Reading Group Guide
Touchstone Reading Group Guide
Brass Ankle Blues
By Rachel Harper
Brass Ankle Blues is the story of Nellie Kincaid, a fifteen year-old girl of mixed-race heritage dealing with the recent separation of her parents, who have been married for twenty years. She and her father, a professor of Afro-American Literature, are traveling from their home in Boston to their summer house in rural Minnesota, which is home to most of her mother's relatives. Normally an annual summer trip, this year is filled with new tensions, being the first visit since her parents announced their separation, and Nellie's first time traveling anywhere without her entire family unit. Accompanying them is Nellie's first cousin Jess, a troubled white girl from Virginia, who hasn't seen any of her relatives, including her own father (Nellie's uncle) since she was a child.
Throughout the travels of one intense summer, as she deals with the complexities of first love and shifting family loyalties, Nellie moves towards a definition of self that encompasses all aspects of her almost paradoxical, yet truly American, identity. As Nellie struggles to define herself racially, she also tries to place herself in the framework of her complex, and often secretive, extended family, as the lines of kinship that once seemed so clear are becoming more obscure with each passing day. It is a novel focused on the adolescent search for autonomy, but it is also about the things that keep a family together: loyalty, forgiveness, and love.
1. Consider the elements of Nellie's journey as they are divided in the novel -- into three parts. Discuss why the author chose to arrange the events of her story in this way.
2. Why does Nellie feel closer to her father after her parents decide to separate? Why does she ask her mother not to come with them to St. Croix, when it is her mother's family they are visiting? Once you learn the whole truth, do you sympathize with Virginia, or do you agree with Nellie's opinion that she is selfish?
3. What does Aunt Frances mean when she tells Malcolm that now his kids "really won't know who they are?"
4. After their car catches fire, what prompts Jess to suddenly become defensive of her uncle and cousin? What makes her open up to Nellie at the motel?
5. While hitchhiking to Silver Lake, Jess argues with Nellie over whether or not her family is "really black." Nellie says that she "chooses" black -- what prompts her to say this? Contrast this moment with the end of the novel, when Jess points out that Nellie shouldn't have to choose white or black, but that being both should make her feel at home anywhere. Do you agree with Jess? Does this statement reflect a change in the way Nellie sees herself and her place in her family?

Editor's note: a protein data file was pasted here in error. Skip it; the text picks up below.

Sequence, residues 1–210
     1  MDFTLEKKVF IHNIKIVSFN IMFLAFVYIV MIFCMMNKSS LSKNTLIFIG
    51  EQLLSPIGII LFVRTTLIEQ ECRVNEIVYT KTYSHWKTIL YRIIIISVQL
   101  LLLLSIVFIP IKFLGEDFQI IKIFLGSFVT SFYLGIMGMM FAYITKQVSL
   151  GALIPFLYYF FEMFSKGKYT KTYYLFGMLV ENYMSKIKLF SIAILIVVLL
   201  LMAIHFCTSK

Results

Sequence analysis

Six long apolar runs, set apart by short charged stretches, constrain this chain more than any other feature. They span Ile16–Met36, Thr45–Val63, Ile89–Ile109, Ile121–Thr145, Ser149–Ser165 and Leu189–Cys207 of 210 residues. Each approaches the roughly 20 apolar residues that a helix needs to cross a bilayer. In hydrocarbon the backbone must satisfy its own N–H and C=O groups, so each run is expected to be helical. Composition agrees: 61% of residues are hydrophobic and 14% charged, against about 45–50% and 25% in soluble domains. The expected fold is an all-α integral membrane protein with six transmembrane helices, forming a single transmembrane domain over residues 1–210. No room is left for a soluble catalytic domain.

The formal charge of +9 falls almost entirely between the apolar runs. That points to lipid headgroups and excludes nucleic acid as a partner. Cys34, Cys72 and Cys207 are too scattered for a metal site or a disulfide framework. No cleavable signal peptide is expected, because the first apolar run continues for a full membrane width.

6. What is it about Dallas that draws Nellie to him? What parallels can you draw between Dallas' relationship to his hair and Nellie's relationship to her skin?
7. Nellie finds herself torn between Luke and Dallas, the small town white boy and the exotic Indian man. What are the various elements of the two worlds that they represent to Nellie? What is the significance of Luke's behavior (or lack thereof) when his friend calls Nellie a nigger?
8. What changes for Jess and Renny in the moment she learns that he brought her as a baby to stay at Silver Lake? What does the swing set he built for her -- and her current love of swings -- reveal about Jess?
9. Nellie gets injured repeatedly throughout the novel: when she steps on Jess' cigarette, when her would-be kidnapper burns her arm, when the wasp bites her shoulder at the funeral, etc. Do you think the author creates this pattern deliberately? Why or why not? What does Nellie mean when she wonders, "Is this where we find out identities, in the smooth, defiant flesh of our scars?"
10. Brass Ankle Blues encompasses three major destructions: the car fire, the barn fire, and the collapse of the cabin. Discuss what each of these events mean in the grand scheme of the novel and what is lost (both physically and metaphorically) with each.
11. The last line of the novel reads, "a girl knows to make herself whole." How do Nellie and Jess make themselves whole? What about Virginia?
Enhance Your Book Club Experience
1. Nellie's identity crisis is at the core of Brass Ankle Blues. To gain some insight into Nellie's situation, have each member of your Book Club bring an African American or Native American short story or poem to share at your next meeting. Some possible writers include Toni Morrison, Louise Erdrich, Ralph Ellison, Sherman Alexie, Maya Angelou, Nikki Giovanni, and Ray A. Young Bear.
2. Do some research on the historical use of the term "brass ankle" and give a short report at your next meeting.
3. If it's warm outside, make your next Book Club meeting a pig-roast or barbecue at a nearby lake. If the weather is not amenable, take it indoors at a member's home or go out to a great barbecue restaurant. Over cornbread and ribs that even Jess would be proud to eat, discuss the ways in which Nellie's family come together and tear each other apart.